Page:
March 27, 2013
The U.S. Food and Drug Administration today approved Tecfidera (dimethyl fumarate) capsules to treat adults with relapsing forms of multiple sclerosis (MS).
MS is a chronic, inflammatory, autoimmune disease of the central nervous system that disrupts communication between the brain and other parts of the body. It is among the most common causes of neurological disability in young adults and occurs more frequently in women than men. For most people with MS, episodes of worsening function (relapses) are initially followed by recovery periods (remissions). Over time, recovery periods may be incomplete, leading to progressive decline in function and increased disability. MS patients often experience muscle weakness and difficulty with coordination and balance. Most people experience their first symptoms of MS between the ages of 20 and 40.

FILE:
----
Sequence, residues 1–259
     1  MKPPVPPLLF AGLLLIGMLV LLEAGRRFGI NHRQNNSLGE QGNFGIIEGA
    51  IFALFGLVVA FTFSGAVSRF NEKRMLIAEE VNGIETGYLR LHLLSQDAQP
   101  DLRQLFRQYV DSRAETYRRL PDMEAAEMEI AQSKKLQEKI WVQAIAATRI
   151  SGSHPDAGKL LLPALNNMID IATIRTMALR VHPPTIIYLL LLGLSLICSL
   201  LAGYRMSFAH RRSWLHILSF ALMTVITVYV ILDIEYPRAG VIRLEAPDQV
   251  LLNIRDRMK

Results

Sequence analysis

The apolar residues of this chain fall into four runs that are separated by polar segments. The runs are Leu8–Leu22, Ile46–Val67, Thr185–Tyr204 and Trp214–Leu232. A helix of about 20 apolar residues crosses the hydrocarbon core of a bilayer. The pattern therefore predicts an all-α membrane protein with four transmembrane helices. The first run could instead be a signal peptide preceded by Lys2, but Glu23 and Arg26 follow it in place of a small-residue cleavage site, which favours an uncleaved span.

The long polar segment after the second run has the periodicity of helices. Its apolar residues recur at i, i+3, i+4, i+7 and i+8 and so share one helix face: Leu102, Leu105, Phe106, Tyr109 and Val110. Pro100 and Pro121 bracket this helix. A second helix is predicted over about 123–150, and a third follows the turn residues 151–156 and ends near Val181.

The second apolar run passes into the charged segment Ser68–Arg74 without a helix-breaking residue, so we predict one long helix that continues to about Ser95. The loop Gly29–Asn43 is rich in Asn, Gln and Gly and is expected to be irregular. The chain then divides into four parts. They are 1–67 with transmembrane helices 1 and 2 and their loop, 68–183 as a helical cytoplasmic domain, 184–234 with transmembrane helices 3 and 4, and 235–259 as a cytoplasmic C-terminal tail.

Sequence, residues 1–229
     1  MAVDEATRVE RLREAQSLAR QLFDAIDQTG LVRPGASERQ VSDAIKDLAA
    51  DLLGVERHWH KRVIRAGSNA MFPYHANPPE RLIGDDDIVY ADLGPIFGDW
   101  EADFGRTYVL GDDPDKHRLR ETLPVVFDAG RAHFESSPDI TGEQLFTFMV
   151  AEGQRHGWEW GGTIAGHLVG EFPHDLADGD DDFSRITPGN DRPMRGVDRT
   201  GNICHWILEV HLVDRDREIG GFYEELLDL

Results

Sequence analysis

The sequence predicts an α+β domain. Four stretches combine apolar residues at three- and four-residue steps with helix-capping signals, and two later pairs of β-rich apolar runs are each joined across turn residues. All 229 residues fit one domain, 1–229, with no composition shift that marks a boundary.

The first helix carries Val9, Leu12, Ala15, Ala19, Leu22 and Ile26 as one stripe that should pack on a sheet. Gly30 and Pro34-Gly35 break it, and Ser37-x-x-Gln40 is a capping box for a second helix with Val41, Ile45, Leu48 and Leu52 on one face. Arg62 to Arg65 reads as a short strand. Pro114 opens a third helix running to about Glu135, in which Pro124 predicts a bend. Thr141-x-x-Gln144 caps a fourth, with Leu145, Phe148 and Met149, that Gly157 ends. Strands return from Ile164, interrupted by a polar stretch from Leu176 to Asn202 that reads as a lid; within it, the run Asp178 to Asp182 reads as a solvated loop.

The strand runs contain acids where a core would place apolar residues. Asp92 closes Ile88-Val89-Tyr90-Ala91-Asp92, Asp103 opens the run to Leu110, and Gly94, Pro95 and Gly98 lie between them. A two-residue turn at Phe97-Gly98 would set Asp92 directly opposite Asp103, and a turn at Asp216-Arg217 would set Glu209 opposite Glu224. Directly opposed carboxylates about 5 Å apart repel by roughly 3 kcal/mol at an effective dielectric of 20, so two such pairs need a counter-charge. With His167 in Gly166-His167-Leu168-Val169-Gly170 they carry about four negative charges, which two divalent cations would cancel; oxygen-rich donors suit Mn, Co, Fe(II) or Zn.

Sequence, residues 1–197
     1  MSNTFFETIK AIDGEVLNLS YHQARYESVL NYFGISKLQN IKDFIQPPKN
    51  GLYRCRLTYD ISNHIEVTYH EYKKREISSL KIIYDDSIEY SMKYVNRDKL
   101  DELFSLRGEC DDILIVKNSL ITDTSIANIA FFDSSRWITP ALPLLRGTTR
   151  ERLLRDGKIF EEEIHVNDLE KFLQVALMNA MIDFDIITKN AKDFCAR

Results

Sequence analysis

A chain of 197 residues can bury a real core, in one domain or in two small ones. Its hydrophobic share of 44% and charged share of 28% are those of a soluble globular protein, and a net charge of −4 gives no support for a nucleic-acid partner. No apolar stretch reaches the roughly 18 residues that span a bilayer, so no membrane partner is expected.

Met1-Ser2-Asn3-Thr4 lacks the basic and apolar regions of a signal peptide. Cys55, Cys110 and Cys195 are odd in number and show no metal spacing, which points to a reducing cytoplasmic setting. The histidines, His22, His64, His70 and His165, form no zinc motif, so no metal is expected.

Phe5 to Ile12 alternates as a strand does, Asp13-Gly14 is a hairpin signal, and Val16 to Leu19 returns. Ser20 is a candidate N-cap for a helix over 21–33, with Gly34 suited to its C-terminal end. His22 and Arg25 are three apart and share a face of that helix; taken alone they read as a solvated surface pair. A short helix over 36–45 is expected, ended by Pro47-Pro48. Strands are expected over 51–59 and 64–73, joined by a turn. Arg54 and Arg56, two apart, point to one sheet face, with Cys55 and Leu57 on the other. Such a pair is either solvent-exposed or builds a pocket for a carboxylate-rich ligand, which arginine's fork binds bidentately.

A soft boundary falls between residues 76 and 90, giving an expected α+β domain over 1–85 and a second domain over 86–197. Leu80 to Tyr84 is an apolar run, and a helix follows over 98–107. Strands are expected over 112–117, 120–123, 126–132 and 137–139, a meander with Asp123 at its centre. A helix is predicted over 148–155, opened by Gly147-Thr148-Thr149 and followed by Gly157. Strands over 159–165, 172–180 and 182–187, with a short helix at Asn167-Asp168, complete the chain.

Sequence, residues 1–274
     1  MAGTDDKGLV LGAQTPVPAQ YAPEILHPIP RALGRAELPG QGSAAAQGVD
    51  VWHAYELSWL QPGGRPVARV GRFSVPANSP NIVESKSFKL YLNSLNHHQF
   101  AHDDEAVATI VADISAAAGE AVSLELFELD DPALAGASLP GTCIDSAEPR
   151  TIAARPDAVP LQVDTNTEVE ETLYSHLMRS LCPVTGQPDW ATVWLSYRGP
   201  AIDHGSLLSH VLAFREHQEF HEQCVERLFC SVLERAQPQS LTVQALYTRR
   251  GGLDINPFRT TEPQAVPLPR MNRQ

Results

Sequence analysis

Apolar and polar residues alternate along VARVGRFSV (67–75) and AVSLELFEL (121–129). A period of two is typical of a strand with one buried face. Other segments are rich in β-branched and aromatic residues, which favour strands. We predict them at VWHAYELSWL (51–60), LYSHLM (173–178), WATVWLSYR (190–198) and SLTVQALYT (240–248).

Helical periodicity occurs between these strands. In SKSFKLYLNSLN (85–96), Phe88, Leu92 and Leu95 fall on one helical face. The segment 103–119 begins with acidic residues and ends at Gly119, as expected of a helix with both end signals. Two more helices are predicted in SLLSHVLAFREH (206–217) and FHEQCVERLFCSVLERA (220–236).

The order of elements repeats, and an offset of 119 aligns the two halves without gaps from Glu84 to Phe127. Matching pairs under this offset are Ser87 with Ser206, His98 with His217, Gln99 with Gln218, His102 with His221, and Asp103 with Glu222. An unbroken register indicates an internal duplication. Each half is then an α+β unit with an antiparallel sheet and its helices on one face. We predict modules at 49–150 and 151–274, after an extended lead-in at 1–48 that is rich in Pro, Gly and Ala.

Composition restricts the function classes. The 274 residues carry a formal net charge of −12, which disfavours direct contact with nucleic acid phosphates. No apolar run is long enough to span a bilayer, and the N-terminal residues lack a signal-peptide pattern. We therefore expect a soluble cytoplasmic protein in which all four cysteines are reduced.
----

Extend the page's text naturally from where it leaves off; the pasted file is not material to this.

Dimethyl fumarate (DMF) is the methyl ester of fumaric acid. DMF was initially recognized as a very effective hypoxic cell radiosensitizer. Later, DMF combined with three other fumaric acid esters (FAE) was licensed in Germany as oral therapy for psoriasis (Fumaderm). Other diseases, such as necrobiosis lipoidica, granuloma annulare, and sarcoidosis were also found to respond to treatment with DMF in case reports or small patient series. Recently, phase III clinical trials found that DMF (BG-12) successfully reduced relapse rate and time to progression of disability in multiple sclerosis. DMF is thought to have immunomodulatory properties without significant immunosuppression.
In a non-medical use, DMF was applied as a biocide in furniture or shoes to prevent growths of mold during storage or transport in a humid climate. However, due to incidences of allergic reactions after skin contact the European Union banned DMF in consumer products since 1998, and since January 2009 the import of products containing DMF was also banned.